Conservatives At Trump Speech Express Doubt About Russian Election Meddling Attendees at Thursday's Faith and Freedom Coalition event in Washington, D.C., weighed in on President Trump's remarks to the gathering, James Comey and the Russia investigation.
NPR logo Conservatives At Trump Speech Express Doubt About Russian Election Meddling

Conservatives At Trump Speech Express Doubt About Russian Election Meddling

President Trump speaks to a Faith and Freedom conference on Thursday in Washington, D.C. Jacquelyn Martin/AP hide caption

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Jacquelyn Martin/AP

President Trump speaks to a Faith and Freedom conference on Thursday in Washington, D.C.

Jacquelyn Martin/AP

While former FBI director James Comey was testifying before the Senate Intelligence Committee Thursday, several hundred attendees from across the country listened to President Trump share the administration's religious agenda. The luncheon headlined by Trump was the kick-off event of the Faith and Freedom Coalition's 2017 Road to Majority gathering taking place in Washington, D.C., over three days. But even as the president refrained from commenting on the day's proceedings on Capitol Hill (despite suggestions earlier this week that he might take to Twitter during Comey's testimony), many attendees at the gathering of conservatives expressed concern over the drama that was unfolding less than 3 miles away.

Gordon Rolle, who drove to the event from Atlanta lamented the political partisanship that is cleaving what he called "good communities." He argued the committee's interest in questioning Comey is a ploy by Democrats to distract members of Congress, and the nation at large, from their mandate — to return Christ to the Capitol.

"It is part of a larger movement to discredit the president," he said outside of the Omni Hotel where the conference is being held. "It's a shame," he added.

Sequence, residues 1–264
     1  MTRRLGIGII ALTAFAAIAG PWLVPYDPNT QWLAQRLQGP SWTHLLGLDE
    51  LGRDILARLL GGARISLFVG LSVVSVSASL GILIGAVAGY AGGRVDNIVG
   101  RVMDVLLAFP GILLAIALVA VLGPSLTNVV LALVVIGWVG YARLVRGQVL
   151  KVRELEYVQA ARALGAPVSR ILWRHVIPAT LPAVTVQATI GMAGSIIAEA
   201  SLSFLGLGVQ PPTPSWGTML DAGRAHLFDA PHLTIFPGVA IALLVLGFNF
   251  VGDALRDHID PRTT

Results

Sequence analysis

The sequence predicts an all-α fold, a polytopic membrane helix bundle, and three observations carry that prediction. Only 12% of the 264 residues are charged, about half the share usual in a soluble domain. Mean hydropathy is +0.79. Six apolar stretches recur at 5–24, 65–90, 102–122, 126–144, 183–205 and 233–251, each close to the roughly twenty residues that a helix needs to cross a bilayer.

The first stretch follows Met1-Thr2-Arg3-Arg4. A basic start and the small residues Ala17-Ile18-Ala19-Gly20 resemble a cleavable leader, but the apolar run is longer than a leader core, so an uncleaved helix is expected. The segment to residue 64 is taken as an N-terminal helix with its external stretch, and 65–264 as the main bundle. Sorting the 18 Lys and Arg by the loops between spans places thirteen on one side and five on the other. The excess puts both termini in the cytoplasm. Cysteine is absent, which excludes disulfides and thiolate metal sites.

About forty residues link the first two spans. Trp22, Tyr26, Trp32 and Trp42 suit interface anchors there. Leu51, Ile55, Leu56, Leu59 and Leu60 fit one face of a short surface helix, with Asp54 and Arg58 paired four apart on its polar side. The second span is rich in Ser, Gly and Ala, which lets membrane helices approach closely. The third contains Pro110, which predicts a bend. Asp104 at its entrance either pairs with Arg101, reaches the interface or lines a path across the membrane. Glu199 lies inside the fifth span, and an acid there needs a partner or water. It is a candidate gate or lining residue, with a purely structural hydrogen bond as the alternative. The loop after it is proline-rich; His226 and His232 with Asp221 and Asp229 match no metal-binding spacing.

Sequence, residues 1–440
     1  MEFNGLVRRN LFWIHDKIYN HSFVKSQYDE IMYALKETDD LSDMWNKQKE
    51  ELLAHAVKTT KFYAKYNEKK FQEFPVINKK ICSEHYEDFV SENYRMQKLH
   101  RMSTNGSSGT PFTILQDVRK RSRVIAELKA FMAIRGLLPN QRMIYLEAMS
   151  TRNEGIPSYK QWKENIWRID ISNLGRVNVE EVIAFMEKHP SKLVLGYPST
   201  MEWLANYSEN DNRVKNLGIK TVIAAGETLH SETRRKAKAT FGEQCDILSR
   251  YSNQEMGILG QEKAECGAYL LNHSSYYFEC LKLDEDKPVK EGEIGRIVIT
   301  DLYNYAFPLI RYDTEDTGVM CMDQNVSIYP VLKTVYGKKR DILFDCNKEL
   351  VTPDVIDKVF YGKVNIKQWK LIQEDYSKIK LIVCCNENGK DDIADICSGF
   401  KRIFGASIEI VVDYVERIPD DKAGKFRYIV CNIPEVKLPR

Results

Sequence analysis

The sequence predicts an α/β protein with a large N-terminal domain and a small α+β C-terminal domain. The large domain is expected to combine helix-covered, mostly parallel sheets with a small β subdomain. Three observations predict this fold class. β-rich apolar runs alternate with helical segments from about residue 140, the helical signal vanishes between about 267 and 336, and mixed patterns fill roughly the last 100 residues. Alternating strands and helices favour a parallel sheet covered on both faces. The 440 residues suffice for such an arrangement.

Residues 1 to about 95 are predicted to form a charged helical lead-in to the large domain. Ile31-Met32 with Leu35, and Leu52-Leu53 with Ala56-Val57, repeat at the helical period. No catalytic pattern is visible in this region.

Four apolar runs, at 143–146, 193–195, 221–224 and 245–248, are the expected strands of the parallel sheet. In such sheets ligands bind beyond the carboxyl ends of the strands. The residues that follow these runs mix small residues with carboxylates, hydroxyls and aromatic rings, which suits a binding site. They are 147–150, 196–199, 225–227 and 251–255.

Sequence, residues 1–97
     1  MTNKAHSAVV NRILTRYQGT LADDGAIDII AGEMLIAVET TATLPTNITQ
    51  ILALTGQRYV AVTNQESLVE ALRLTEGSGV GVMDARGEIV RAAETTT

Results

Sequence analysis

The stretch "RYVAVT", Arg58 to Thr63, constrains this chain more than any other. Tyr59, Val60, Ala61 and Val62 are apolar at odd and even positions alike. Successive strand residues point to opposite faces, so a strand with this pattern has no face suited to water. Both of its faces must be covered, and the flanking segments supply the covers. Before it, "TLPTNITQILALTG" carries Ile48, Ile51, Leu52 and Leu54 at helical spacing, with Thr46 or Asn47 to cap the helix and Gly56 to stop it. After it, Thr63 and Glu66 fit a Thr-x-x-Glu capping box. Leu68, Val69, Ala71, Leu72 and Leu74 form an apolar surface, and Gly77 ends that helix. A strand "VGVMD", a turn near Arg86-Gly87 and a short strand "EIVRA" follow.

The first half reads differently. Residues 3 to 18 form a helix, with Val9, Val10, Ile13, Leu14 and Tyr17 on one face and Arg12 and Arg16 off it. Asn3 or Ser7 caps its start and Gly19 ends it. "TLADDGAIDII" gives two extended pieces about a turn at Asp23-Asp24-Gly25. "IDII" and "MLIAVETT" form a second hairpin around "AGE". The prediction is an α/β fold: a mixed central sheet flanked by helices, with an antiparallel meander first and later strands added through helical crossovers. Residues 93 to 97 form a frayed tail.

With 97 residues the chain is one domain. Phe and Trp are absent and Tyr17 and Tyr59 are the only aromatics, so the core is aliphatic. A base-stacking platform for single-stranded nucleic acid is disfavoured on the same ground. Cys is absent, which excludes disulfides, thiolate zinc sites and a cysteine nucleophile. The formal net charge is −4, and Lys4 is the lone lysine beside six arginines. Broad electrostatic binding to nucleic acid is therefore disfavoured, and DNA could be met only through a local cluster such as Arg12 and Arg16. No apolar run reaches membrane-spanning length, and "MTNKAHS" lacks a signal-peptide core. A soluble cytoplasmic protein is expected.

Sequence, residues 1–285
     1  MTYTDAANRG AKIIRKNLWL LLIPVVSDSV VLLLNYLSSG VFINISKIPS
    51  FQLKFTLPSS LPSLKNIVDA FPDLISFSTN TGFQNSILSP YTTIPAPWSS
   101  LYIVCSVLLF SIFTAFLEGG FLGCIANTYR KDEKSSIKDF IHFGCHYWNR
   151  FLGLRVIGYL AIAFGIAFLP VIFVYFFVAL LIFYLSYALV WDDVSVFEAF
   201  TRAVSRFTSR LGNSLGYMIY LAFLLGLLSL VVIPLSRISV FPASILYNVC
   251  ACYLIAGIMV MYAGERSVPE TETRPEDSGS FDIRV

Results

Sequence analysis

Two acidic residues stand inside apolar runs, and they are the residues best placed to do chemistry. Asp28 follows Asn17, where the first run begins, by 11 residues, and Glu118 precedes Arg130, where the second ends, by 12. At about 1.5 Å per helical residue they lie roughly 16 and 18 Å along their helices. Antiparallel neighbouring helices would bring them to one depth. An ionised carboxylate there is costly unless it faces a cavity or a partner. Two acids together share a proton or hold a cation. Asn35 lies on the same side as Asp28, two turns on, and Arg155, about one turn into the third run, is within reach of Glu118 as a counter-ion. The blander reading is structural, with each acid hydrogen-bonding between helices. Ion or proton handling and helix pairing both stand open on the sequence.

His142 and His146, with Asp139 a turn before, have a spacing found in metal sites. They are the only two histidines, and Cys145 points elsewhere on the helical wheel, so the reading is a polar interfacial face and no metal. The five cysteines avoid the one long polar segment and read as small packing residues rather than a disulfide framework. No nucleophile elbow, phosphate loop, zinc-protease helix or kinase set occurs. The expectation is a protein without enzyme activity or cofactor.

Shortly after exiting the ballroom where the luncheon was held, Teresa Riley was checking her phone for updated news on Comey's testimony. Upon hearing that Comey testified that Russia unequivocally interfered in the 2016 presidential election — consistent with the conclusion of the U.S. intelligence community generally — Riley dismissed the news with a wave of her hand.

"Knowing what I know about computers and computer hacking, anyone can make a hack look like it's coming from anywhere. So I don't know if I believe that," she said, without explaining her line of work or level of interest in computers.

Gloria Alday, an active member of the Republican Party in Houston County, Ga., is equally baffled by Democrats' interest in investigating the role of the Moscow in the election and potential links between Russian President Vladimir Putin's government and the Trump campaign.

"How can Russia influence our election?" she asked incredulously. "We are grass-roots people. We walked door-to-door. We made telephone calls. We did the election, not Russia," she said before adding, "It's all a smokescreen."

Trump's address was long and thorough and covered a wish list of conservative goals — a complete overhaul of the tax system, repeal of the Affordable Care Act and deregulation across a slew of sectors including more lax environmental rules, which he argued would bring "the cleanest water" to cities across the nation.

Several lines from the president garnered a standing ovation from the crowd: A mere mention of the decision to pull out of the Paris Climate Agreement had people on their feet, a pledge to continue putting "America First" drew loud whooping across the grand ballroom and promises to fight terrorism elicited more than a few hoorahs.

Trump also criticized Democrats for being "obstructionists."

"If we had the best plan in the history of the world, we wouldn't get one Democrat vote," he said, to laughter.

But he ended on a more unifying note.

"The one thing we do share is one beautiful destiny," he told the rapt crowd. "As long as we have pride in our beliefs, courage in our convictions and faith in our God then we will not fail."